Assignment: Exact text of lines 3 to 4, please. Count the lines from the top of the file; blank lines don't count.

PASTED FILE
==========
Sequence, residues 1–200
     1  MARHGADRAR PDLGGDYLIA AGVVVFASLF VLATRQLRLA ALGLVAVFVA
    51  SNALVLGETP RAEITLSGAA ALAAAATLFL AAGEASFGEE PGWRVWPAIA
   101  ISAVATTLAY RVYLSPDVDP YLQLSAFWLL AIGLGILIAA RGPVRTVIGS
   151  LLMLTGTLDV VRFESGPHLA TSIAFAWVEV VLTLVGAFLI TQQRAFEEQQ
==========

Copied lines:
    51  SNALVLGETP RAEITLSGAA ALAAAATLFL AAGEASFGEE PGWRVWPAIA
   101  ISAVATTLAY RVYLSPDVDP YLQLSAFWLL AIGLGILIAA RGPVRTVIGS